I watched a really amazing documentary the other day called General Magic. If you aren’t familiar, General Magic has been called “the most important company to come out of Silicon Valley that nobody’s ever heard of,” and early employees included future White House chief technology officer Megan Smith, future Android co-creator Andy Rubin, future eBay founder Pierre Omidyar and future iPod and iPhone co-designer Tony Fadell, among others.
In 1990, General Magic set out to make a pocket-sized computer. The company was set to be huge — but instead became one of Silicon Valley’s biggest failures. There were a lot of things that went wrong — but here were a key takeaways I had:
- The importance of following external trends. The team at General Magic completely ignored the internet mega trend and tried to create absolutely everything from scratch. They tried to create their own momentum and ignored that the world was not ready.
- Customer-centricity. They had no customer focus and no idea who the customer even was.
- Market feedback. The company waited until the last minute to have a big reveal — which meant they had no market feedback. This is why shipping daily is so important.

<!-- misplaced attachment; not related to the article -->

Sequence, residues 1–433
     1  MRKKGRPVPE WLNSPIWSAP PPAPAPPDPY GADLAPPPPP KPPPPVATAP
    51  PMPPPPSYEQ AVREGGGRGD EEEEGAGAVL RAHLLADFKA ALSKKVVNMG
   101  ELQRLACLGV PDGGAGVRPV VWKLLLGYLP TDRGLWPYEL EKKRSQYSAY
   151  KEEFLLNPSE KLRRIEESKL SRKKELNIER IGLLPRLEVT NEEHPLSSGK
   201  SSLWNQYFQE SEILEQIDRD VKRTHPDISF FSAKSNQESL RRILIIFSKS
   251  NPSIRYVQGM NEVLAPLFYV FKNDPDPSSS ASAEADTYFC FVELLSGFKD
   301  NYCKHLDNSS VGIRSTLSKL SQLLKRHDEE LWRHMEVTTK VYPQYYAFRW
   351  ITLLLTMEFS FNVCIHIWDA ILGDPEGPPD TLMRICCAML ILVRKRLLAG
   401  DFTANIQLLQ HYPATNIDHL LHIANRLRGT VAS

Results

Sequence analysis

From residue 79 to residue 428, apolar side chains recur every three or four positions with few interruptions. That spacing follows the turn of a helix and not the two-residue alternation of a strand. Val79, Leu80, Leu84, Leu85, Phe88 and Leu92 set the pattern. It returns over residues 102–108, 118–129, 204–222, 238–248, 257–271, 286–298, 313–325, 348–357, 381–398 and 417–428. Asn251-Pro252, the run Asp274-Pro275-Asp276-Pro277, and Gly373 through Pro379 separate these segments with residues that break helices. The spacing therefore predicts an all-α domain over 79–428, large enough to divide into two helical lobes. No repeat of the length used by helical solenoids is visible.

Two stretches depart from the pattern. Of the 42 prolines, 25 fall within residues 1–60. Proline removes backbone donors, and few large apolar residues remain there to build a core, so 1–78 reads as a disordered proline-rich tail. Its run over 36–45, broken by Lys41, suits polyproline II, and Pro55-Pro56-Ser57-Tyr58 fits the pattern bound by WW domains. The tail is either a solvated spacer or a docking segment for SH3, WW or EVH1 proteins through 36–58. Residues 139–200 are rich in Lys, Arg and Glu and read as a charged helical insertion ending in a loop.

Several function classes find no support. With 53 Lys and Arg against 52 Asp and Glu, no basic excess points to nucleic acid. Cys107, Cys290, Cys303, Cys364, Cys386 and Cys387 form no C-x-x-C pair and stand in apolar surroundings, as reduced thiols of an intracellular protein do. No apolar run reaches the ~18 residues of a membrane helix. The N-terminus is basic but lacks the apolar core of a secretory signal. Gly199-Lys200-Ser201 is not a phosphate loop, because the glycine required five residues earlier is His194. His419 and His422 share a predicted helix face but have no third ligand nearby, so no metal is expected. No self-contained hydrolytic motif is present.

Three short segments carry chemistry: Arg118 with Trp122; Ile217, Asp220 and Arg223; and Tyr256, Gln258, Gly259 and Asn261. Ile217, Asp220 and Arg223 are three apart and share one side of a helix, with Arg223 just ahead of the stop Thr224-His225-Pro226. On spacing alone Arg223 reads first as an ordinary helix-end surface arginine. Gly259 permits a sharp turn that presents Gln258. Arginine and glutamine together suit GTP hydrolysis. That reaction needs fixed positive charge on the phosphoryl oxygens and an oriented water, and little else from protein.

The company had the best team. The best vision. The best brand. The best partners (Sony, AT&T, Apple). The best funding (they opened on the stock market before even showing a finished product). The best of everything — but that still couldn’t save them.
They invented the smartphone in 1994. It wasn’t until 2007 before Steve Jobs brought the iPhone to market and made the smartphone something we all know and use.
It just goes to show that ideas are powerful — but you can’t just create a business on a good idea. It requires that perfect combination of an idea, customer-centricity, a killer team, market fit & timing, testing, and learning.
I believe that thanks to everyone at Drift, we have that combination. Happy New Year, I can’t wait to see what 2020 brings.
P.S. Two General Magic alumni went to create the iPhone (Tony Fadell) and Android (Andy Rubin) 17 years later. That’s 98% of the world’s smartphones
P.P.S. If you’re interested, this article has a great summary of what happened with General Magic